Amyotrophic lateral sclerosis (ALS) is a progressive neurodegenerative disease that affects nerve cells in the brain and the spinal cord. Eventually, people with ALS lose the ability to initiate and control muscle movement, which often leads to total paralysis and death within two to five years of diagnosis. For unknown reasons, veterans are twice as likely to develop ALS as the general population. There is no cure, and only one drug approved by the U.S. Food and Drug Administration (FDA) modestly extends survival. However, ALS advoactes, like you, help The ALS Association fulfill its mission to create a world without ALS.
FACTS ABOUT ALS
- ALS stands for amyotrophic lateral sclerosis and is also referred to as Lou Gehrig’s Disease
- Every 90 minutes someone is diagnosed with ALS, and every 90 minutes someone loses their battle to this fatal disease
- ALS affects voluntary muscle movement, rendering its victims unable to speak, swallow, move, and, eventually, breathe
- Today, it is estimated that 30,000 Americans are living with the disease
- The average life span after diagnosis is 2-5 years; 20% live longer than 5 years; 10% live longer than 10 years; and 5% survive 20 years with ALS
- Military veterans are twice as likely as the general population to die from ALS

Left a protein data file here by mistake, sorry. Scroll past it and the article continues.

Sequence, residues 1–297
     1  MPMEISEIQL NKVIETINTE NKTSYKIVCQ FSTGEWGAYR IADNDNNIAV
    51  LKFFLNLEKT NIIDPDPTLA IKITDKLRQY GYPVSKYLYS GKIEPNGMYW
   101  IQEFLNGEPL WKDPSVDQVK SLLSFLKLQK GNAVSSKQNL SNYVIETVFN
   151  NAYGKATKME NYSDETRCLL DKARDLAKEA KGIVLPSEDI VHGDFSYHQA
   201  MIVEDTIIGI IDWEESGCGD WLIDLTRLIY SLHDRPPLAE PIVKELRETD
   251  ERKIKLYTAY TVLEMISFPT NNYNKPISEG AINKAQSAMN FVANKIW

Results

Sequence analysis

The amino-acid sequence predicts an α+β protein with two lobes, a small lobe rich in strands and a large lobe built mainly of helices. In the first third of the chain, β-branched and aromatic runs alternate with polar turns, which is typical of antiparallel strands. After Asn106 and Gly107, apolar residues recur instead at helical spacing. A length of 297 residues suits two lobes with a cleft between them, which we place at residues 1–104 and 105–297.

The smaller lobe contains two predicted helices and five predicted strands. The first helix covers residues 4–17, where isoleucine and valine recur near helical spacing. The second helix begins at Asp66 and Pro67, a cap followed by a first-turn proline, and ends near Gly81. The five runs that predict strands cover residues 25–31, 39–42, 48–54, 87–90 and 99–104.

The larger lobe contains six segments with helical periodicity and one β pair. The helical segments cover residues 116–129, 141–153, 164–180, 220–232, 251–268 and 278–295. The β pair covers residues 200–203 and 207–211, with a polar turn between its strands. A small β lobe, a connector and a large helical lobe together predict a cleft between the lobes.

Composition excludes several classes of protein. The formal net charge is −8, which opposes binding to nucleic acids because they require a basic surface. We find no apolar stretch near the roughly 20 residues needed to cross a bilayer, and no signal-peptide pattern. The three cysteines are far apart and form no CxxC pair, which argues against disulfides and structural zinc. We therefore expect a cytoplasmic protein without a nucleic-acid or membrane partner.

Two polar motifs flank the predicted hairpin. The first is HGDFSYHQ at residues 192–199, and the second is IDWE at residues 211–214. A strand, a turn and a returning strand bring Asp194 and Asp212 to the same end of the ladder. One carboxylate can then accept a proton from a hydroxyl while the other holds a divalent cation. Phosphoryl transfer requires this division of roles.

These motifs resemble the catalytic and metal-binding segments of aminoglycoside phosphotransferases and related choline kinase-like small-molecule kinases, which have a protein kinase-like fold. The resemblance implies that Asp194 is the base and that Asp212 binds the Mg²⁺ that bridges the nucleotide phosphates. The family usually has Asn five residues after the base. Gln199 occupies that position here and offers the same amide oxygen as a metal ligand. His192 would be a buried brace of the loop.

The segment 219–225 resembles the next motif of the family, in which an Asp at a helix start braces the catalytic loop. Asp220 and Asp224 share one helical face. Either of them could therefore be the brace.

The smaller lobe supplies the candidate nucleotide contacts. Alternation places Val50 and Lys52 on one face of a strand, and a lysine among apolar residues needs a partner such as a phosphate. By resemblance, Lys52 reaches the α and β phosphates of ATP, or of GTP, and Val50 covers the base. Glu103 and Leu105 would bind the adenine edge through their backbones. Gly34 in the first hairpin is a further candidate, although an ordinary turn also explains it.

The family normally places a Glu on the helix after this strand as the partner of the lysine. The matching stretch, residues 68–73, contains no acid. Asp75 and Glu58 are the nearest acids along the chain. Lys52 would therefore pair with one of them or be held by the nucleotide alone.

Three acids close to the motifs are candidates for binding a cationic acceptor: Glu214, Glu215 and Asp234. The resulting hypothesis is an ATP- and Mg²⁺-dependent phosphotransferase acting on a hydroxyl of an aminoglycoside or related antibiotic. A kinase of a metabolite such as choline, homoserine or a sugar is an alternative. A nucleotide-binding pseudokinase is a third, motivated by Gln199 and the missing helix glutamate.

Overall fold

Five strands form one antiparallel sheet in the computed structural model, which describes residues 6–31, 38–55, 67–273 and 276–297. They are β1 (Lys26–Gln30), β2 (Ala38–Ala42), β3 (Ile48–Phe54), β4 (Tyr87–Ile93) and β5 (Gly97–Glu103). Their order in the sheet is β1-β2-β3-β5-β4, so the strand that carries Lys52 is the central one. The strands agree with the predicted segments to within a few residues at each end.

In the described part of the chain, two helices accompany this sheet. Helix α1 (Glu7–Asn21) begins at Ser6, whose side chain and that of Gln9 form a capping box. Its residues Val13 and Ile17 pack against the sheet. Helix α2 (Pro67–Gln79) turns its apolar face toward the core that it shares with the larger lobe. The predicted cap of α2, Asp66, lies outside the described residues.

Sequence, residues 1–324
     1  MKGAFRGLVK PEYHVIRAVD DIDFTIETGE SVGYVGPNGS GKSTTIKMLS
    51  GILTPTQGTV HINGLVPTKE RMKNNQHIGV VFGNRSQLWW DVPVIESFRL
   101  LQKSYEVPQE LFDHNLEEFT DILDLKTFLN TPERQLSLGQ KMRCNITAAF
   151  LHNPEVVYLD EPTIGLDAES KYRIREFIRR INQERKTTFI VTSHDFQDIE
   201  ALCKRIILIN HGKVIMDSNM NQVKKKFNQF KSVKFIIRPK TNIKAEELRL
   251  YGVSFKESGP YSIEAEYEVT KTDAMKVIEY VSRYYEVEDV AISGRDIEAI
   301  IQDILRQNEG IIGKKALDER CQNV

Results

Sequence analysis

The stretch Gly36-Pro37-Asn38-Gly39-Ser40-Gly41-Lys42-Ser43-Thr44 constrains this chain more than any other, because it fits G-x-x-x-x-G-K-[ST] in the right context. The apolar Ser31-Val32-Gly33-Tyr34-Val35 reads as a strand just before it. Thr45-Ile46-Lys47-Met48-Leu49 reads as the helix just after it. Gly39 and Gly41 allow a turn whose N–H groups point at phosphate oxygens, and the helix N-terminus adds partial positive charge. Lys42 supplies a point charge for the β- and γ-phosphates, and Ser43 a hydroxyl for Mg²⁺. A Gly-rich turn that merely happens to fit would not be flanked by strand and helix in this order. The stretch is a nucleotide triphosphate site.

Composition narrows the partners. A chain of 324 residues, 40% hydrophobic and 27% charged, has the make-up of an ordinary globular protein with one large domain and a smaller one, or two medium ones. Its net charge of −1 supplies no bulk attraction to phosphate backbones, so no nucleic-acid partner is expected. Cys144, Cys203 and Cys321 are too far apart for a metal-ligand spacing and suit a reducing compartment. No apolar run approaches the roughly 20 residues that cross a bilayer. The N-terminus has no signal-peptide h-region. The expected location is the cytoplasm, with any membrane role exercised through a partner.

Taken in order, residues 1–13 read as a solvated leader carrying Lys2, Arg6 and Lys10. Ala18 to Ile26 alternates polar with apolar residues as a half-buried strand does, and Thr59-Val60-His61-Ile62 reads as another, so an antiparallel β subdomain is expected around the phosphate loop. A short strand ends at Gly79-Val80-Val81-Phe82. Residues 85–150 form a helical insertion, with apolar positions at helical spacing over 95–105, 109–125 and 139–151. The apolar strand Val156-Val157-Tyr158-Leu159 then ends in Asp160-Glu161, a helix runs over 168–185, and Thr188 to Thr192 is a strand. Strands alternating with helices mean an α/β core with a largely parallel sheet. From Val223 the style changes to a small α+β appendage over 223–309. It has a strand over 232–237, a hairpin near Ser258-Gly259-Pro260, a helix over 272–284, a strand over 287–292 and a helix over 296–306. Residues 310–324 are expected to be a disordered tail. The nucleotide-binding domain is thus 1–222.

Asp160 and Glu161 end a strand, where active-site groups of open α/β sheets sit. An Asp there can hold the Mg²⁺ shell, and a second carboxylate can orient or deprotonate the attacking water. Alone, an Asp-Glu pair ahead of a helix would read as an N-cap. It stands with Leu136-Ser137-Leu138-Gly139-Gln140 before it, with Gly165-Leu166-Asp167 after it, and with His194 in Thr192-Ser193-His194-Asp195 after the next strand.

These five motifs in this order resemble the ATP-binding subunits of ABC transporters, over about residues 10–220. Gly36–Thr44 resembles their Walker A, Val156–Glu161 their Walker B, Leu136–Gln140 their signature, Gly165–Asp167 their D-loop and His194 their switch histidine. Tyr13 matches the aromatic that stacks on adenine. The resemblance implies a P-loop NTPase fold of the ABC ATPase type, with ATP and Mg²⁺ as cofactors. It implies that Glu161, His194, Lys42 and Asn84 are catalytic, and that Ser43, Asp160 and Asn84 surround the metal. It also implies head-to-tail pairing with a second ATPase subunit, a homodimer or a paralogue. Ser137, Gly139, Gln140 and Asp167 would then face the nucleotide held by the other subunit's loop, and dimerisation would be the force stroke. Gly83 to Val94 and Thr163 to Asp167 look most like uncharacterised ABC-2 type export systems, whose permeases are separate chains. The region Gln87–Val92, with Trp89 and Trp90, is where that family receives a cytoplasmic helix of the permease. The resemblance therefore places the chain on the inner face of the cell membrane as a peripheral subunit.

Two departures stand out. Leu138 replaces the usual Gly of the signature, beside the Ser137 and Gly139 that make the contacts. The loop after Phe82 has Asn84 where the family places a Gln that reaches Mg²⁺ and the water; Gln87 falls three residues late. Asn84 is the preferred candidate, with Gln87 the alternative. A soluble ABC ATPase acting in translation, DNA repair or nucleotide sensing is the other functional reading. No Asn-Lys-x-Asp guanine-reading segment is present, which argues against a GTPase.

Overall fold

- Living with ALS can cost more than $200,000 per year
- There is no known cause nor cure for ALS
About The ALS Association
The ALS Association is the only national nonprofit organization fighting Lou Gehrig’s Disease on every front. By leading the way in global research, providing assistance for people with ALS through a nationwide network of chapters, coordinating multidisciplinary care through certified clinical care centers, and fostering government partnerships. The Association builds hope and enhances quality of life while aggressively searching for new treatments and a cure.
OUR VISION | Create a world without ALS
OUR MISSION | Leading the fight to treat and cure ALS through global research and nationwide advocacy while also empowering people with Lou Gehrig’s Disease and their families to live fuller lives by providing them with compassionate care and support.